Remembering Legal Pioneer Barbara Babcock
It was Professor Babcock‘s wish that donations be made to Equal Rights Advocates in lieu of flowers. We have created the Barbara Babcock Next Gen Fund for that purpose.
- Make a gift to the Barbara Babcock NextGen Fund in her honor.
- Leave a memory of Barbara Babcock on her tribute page.
Equal Rights Advocates mourns the loss of one its treasured founding mothers, legal trailblazer and Stanford Law Professor Emerita, Barbara Allen Babcock.
Professor Babcock became Stanford Law’s first female faculty member in 1972. Her tenure followed a brilliant early career as a litigator at Washington, DC’s Williams & Connolly law firm. She was the first Director of the D.C. Public Defender Service, one of the premier criminal trial offices in the nation. Soon after arriving at Stanford, Professor Babcock connected with three rabble-rousing Berkeley Law graduates – Nancy Davis, Mary Dunlop, and Wendy Williams. Encouraged and mentored by legal trailblazer Boalt Hall Professor Herma Hill Kay (who later became Dean), they launched Equal Rights Advocates. The nation’s first teaching law firm dedicated to ending sex discrimination and to the clinical training of law students, ERA was joined by Joan Graff. Professor Babcock and the students of her Stanford Law clinic joined with ERA to mentor the next generation of feminist legal advocates.
Professor Babcock’s support of ERA was critical to our growth. Instrumental in the initial funding of Equal Rights Advocates by Carnegie Corporation (Eli Evans, Program Director), Professor Babcock also served on Equal Rights Advocates first Board of Directors, together with Professor Kay. Thus was ERA blessed by the inestimable support of the country’s two most prominent and distinguished academic feminist pioneers.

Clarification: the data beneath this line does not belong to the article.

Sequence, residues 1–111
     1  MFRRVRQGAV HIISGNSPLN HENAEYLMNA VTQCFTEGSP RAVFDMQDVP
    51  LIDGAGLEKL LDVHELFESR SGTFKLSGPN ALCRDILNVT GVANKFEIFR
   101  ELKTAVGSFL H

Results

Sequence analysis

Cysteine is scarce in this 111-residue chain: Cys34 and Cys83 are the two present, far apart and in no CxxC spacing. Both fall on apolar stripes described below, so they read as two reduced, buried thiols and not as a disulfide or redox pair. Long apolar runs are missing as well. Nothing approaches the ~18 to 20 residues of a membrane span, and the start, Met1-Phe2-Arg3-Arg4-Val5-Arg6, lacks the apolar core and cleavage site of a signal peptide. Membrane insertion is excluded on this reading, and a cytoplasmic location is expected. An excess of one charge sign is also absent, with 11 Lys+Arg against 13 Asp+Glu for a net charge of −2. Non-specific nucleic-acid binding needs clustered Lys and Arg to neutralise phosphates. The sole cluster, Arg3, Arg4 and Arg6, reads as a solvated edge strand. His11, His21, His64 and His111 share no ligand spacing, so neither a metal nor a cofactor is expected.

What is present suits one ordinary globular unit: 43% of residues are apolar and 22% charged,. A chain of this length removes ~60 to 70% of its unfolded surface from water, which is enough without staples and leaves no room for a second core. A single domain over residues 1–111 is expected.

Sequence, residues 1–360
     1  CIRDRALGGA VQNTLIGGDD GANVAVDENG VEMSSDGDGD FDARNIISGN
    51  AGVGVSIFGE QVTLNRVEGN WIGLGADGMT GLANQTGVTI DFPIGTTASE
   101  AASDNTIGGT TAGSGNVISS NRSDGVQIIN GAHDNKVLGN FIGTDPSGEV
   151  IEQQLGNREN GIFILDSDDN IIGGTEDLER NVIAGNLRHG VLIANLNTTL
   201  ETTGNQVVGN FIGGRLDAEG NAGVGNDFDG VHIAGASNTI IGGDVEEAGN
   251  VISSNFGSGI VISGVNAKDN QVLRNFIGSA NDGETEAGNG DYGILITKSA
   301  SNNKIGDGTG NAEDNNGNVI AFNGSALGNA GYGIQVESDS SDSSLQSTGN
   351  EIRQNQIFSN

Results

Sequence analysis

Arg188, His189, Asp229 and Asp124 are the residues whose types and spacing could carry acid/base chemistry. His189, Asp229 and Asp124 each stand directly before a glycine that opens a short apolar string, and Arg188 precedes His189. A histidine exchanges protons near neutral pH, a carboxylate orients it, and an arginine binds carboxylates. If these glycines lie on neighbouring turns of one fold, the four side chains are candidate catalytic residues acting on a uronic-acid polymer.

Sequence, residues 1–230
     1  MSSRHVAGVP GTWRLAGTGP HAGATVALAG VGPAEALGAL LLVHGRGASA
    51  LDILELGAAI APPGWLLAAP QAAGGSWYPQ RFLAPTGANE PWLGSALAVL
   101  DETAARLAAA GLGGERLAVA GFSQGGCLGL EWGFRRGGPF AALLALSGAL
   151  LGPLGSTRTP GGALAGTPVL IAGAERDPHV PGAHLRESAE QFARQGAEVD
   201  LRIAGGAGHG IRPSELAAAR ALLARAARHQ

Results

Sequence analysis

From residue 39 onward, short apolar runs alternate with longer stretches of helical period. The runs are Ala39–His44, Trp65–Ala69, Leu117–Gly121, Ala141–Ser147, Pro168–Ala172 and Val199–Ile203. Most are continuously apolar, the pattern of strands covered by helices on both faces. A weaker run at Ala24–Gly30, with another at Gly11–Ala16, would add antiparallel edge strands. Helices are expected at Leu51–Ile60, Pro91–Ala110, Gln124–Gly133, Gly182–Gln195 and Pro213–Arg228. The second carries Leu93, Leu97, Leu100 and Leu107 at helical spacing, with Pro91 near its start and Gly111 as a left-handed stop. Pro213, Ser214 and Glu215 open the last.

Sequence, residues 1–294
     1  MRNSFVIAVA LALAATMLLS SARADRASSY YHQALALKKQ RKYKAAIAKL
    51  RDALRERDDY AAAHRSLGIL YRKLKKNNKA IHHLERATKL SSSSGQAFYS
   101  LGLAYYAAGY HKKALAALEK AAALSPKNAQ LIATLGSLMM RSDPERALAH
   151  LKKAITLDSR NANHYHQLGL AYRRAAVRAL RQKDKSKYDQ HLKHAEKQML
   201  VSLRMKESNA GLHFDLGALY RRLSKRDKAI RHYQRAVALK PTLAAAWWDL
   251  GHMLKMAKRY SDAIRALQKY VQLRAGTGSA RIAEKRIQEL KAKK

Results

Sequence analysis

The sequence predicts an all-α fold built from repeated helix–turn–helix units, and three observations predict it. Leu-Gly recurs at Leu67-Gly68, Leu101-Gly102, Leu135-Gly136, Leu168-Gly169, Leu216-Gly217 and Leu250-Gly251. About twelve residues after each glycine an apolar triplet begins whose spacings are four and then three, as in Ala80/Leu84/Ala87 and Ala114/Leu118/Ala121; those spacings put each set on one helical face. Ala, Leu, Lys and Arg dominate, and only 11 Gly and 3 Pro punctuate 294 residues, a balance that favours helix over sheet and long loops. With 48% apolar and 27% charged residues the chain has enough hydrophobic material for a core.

As Professor Babcock broke barriers for women in the legal profession, she was also profoundly committed to advocacy for the most underserved and exploited women, including incarcerated and lowest paid women. She was a fierce supporter of Equal Rights Advocates’ impact litigation efforts. Professor Babcock delighted in our groundbreaking victories on behalf of women workers in whom she found kindred spirits — fighters for gender equality in all workplaces.
Professor Babcock remained a close friend of Equal Rights Advocates and its leaders over the decades until her passing on April 18th.
Professor Babcock mentored thousands across her phenomenal career, and I am so grateful to be counted among these. She believed in me, as she believed in the capacity of all women to lead big ideas. She continually encouraged ERA to be bold, leading through her life example of how to flip the script of inequity. "No guts, no glory," she would say with her characteristic wit that took the edge off the hardest of days. Professor Babcock's gutsy lessons and wise counsel will remain close to me, and Equal Rights Advocates, in the gender justice fights ahead.— Noreen Farrell, ERA Executive Director
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